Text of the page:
Gerber Paraframe I: Knife Review

Saturday, February 08, 2014 , 4 Comments

Growing up in the Boy Scouts, if you carried a Gerber Knife you were viewed with a sense of awe. It was the top of the top anyone could carry for a pocketknife in my teens, or so it seemed. Fast forward a number of years and it is of no surprise that for my first knife and the one that introduced me to the idea of everyday carry (EDC) I picked up a Gerber Paraframe I. That purchase was five years ago. Since that time I have learned a lot more about knives, steel, and what I like in a edc role. And within the knife community no single company seems to receive such a hard time and receive bad press as Gerber. So which is it: is Gerber truly a quality knife company or are they not worth the effort and in the end a pile of junk? 

As I noted, this was the knife that introduced me to edc without even understanding that term. It wasn't a purposeful move. Rather the job I had at the time required me to open dozens of boxes each week, box cutters were always getting lost and so from a purely utilitarian stance I went to a local hardware store and purchased a pocketknife. From my background in the Boy Scouts, the choice in a Gerber seemed obvious. After carrying the knife for work I found the immense utility of carrying a knife daily and it just became part of my daily habit. Now I have many more knives to fulfill that edc role and without one I just feel naked. 

Onto the stats themselves: Gerber doesn't specify the steel but through research I have learned it is 7cr17, somewhat analogous to 440A. The benefit of this steel is it is very corrosion resistant due to its high carbon content and cheap to produce. The blade itself is a 3 inch clip point design, and total length when open is 7" Weight is 2.6 oz. The locking mechanism is a frame lock and the overall design is an open frame. MSRP $25.

The Good: I love the feel of this knife. I can open and close it easily with one hand and though others have berated the open frame design I really do like it and it feels natural in my hands. This may be due in part from it being the only knife I carried for many many years. Secondly the price, if you lose this knife you won't break the bank to replace it. MRSP may be $25 but looking around online and at stores over the past few months you can find it as low as $15. Finally the weight and size of this knife allow you to easily forget it is on your person. It doesn't bulge out and the blade length is perfect for light edc. 

The Bad: the steel--it is a pain to sharpen and will not hold an edge very long. Out of all the knives I own, this is the one I look the least forward to sharpening. If you are new to sharpening, all the best luck to you. Gerber went with a cheap steel that wouldn't corrode easily, I get that, but what you lose is a sharp edge. Secondly, the frame--this knife is really only good for light use. In preparing for writing this review I submitted my knife to some hard work. Nothing crazy but some serious work. Two things happened: 1.) the knife began to have a lot of play when "locked" both side to side and even vertically 2.) the framelock is not very secure and will collapse relatively easily if you place moderate pressure on the opposing end. In fact I broke my knife testing it. Finally, if you are left handed, when opening the knife your fingers may slip into where the blade lies. For us righties the pocket clip will keep your fingers from going in, but I can't say this knife is ambidextrous.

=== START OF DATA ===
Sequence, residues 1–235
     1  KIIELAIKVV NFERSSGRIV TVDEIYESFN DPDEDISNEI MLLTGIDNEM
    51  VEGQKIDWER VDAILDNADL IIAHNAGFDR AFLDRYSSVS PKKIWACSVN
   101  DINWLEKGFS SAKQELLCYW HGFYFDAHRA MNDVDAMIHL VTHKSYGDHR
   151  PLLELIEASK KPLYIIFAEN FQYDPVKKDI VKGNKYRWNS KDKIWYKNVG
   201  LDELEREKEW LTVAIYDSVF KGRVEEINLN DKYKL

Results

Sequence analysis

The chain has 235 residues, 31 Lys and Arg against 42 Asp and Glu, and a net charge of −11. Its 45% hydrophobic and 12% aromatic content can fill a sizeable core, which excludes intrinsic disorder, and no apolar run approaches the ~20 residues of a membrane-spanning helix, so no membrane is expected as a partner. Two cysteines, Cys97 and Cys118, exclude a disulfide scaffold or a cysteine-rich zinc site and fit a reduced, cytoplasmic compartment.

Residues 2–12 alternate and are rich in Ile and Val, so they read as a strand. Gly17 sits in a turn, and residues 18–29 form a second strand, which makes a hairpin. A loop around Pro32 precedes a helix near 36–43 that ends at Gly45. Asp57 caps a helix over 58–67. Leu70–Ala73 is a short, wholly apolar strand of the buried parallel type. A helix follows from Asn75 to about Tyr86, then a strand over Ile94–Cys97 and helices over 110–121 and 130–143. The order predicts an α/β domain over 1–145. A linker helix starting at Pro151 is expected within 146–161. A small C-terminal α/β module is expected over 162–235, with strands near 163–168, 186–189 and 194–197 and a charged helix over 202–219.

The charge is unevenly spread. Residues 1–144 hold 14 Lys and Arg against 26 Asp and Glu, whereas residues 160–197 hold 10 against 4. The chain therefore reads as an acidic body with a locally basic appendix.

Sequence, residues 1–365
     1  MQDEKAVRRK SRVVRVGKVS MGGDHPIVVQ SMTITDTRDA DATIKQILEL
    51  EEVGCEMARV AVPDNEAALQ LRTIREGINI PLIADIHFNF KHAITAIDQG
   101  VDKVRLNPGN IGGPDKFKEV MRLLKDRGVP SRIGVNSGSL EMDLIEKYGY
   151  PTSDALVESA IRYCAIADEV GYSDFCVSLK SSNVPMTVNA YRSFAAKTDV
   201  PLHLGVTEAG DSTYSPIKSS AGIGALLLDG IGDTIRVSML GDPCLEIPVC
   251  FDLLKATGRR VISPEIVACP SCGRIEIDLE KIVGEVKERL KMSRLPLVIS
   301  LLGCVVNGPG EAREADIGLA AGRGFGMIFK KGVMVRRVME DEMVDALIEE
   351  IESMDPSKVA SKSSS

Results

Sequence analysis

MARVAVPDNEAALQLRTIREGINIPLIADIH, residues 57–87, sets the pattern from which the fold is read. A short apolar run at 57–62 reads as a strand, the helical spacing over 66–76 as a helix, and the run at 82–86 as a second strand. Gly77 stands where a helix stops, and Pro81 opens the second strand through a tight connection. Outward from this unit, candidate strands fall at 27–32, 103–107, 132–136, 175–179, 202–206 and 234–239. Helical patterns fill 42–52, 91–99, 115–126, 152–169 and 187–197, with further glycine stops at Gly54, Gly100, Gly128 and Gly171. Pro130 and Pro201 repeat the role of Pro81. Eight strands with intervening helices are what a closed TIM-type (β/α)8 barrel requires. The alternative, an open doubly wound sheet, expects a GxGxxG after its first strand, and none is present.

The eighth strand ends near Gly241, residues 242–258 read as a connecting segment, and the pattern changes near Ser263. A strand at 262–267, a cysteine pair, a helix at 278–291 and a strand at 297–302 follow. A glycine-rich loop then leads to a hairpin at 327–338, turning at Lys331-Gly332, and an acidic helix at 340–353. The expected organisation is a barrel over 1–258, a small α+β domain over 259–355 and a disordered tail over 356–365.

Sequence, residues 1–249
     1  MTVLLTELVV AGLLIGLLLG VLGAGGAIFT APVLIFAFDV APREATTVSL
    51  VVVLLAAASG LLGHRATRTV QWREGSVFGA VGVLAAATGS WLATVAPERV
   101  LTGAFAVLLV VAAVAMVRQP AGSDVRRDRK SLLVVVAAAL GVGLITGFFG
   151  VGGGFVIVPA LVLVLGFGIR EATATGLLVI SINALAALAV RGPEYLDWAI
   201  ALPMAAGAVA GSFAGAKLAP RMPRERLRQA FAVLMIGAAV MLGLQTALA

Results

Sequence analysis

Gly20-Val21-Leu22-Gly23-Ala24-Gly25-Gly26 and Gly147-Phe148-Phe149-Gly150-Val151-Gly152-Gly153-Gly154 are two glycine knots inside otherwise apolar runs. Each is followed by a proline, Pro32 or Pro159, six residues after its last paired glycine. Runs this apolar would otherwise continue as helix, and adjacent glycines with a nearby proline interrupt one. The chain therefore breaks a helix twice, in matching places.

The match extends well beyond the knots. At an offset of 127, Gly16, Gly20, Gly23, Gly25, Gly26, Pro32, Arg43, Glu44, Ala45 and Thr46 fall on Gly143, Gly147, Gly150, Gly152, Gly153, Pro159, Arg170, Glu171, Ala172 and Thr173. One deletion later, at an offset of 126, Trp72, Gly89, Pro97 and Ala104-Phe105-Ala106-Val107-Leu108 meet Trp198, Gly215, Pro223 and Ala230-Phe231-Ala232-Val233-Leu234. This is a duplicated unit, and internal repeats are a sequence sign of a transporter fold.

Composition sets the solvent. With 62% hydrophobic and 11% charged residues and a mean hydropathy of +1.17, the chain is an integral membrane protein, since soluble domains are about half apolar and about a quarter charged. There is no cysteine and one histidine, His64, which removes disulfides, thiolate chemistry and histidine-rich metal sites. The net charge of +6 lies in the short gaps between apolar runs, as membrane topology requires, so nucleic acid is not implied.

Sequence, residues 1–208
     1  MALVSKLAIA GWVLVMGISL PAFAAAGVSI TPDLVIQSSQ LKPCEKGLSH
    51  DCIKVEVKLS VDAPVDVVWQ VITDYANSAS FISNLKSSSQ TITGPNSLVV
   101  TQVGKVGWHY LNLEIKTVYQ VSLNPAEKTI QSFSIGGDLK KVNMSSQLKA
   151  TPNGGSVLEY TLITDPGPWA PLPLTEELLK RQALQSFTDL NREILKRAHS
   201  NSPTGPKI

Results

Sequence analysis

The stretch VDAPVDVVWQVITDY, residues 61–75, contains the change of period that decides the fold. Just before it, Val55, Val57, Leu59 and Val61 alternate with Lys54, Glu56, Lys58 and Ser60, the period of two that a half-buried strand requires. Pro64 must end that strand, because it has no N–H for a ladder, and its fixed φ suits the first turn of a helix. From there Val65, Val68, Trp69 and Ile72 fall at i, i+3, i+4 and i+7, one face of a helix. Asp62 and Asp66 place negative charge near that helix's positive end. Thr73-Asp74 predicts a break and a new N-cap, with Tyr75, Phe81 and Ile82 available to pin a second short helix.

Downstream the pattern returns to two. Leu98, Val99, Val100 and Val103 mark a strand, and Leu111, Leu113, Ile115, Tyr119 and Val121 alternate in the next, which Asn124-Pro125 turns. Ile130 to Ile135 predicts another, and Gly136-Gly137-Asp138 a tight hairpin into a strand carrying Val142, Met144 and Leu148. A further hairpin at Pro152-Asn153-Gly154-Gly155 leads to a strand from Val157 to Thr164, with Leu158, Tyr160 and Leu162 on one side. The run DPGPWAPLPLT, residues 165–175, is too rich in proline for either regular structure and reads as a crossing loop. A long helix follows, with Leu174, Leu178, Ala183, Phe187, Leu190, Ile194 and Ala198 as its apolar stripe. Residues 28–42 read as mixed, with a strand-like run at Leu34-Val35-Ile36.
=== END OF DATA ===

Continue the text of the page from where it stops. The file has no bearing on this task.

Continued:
Verdict: though I broke my knife of 5 years while testing I have replaced it. I have much much better knives to be sure but I just can't get away from how nice this knife feels in my hand. It is well balanced and smooth. Its not a great knife by any stretch and the steel is pretty crappy and this is what most of the criticism online centers around. That being said you are spending only $15… not $100 on a Benchmade. I will probably always carry this knife from time to time though I have others I like better. If someone is looking to try EDC and wants an entry level knife I wouldn't hesitate putting this in the running. If you lose it no biggie. It also wouldn't be a bad knife to throw in your tackle box or other place where you can forget about it when not using it. Great for light EDC, a knife to carry when fishing and need to cut line, or a first knife in general, and not a big deal if you lose it. Wouldn't be my choice for a camping knife or survival knife for sure--I just wouldn't trust the durability. If I were asked to assign it a grade I would give it a 6.5/10 (points for ergonomics  and cost, reduced by steel quality and construction). Hope you enjoyed my first knife review, I had to start with the knife that started it all for me, many more to come. 


Unknown said...

Gerber designs are Great!They make some great looking knives. It just sucks that Gerber in my opinion uses such bad steel for their blades. Seems they go dull even if your not using them. My EDC is a CRKT M16-01KZ 7" open with 3" blade. One hand operation and I like the double lock . It holds an edge much better. Also in the 25.00 dollar range.

Good fair review sorry you broke your knife man!

Atlas said...

Kevin thanks for the comments. I agree about the steel used and yeah sucks it broke but I replaced it if for no other reason than sentimental reasons. But glad I can pass along the informations.

Funny you mention the M16, that will be one of my future reviews for sure.

Blake said...

i've love a good gerber, ever since i had the "remix"

i think for the price range you have to expect the softer steel but that paraframe is sure a looker

Atlas said...

I too really enjoy the ergonomics and look of the Paraframe. Obviously, one expects a lower end steel at this price point, but compared to other brands lower models I think there are better options steel wise.